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Nature Geoscience

April 14, 2014

Some excess carbon released during a period of global warming 56 million years ago may have been removed from the atmosphere by enhanced biological activity in the oceans, according to a paper published online in Nature Geoscience. The enhanced transfer of carbon from the surface ocean to depth may have helped remove carbon dioxide from the atmosphere and thus aided in cooling the climate.

Adina Paytan and colleagues used marine sediment records from around the globe to estimate the amount of carbon that was removed from the surface oceans during the Palaeocene-Eocene Thermal Maximum, about 56 million years ago. They found that carbon uptake and export to the mid-depths of the ocean increased during the interval of peak warmth. The authors argue that increased bacterial activity in the surface waters and mid-depths of the ocean at this time would have broken the marine organic carbon down into compounds that were not readily consumable. If so, carbon would have remained trapped in the waters of the mid-to-deep oceans for tens of thousands of years. Paytan and colleagues conclude that the continued consumption and storage of carbon would have removed carbon dioxide from the atmosphere, and helped return the planet to cooler temperatures.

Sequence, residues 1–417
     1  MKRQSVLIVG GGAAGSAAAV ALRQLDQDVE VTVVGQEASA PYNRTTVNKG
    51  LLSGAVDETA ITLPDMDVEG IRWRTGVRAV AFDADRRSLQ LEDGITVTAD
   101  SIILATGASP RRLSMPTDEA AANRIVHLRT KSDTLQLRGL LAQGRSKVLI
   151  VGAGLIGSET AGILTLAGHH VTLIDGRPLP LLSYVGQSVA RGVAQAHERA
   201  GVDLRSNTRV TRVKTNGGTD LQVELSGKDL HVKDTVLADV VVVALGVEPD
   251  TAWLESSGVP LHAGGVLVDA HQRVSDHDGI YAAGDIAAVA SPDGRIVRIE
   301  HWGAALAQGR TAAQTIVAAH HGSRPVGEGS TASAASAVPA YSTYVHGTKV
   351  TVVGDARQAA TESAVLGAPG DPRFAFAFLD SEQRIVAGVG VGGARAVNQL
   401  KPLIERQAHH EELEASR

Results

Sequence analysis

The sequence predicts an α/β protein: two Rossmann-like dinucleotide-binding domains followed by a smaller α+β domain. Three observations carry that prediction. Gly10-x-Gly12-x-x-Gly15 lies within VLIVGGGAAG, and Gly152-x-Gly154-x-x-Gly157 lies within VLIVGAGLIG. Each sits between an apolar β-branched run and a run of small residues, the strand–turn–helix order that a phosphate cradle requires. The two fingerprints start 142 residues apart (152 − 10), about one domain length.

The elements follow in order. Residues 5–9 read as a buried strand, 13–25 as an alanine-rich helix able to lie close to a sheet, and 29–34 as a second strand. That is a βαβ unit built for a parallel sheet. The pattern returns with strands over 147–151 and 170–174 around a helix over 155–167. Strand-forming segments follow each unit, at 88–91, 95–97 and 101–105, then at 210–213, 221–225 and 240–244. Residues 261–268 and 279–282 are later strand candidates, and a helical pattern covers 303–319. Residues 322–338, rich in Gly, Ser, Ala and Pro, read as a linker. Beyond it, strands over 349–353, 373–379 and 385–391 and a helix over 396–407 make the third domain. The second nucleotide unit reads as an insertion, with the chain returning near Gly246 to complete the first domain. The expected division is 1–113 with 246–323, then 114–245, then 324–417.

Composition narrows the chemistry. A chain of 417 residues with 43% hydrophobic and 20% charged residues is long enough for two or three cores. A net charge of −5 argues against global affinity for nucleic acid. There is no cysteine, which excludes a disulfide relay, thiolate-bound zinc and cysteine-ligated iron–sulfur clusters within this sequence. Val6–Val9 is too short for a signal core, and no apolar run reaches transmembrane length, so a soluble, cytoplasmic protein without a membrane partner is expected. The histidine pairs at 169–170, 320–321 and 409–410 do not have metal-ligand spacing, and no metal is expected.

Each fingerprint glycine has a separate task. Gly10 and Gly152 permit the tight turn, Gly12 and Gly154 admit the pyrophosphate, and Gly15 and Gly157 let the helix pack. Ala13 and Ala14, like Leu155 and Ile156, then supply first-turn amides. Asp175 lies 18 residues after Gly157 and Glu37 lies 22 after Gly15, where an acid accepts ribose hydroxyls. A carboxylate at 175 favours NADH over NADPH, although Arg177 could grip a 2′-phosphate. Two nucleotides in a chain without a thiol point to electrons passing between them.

DOI:10.1038/ngeo2139 | Original article

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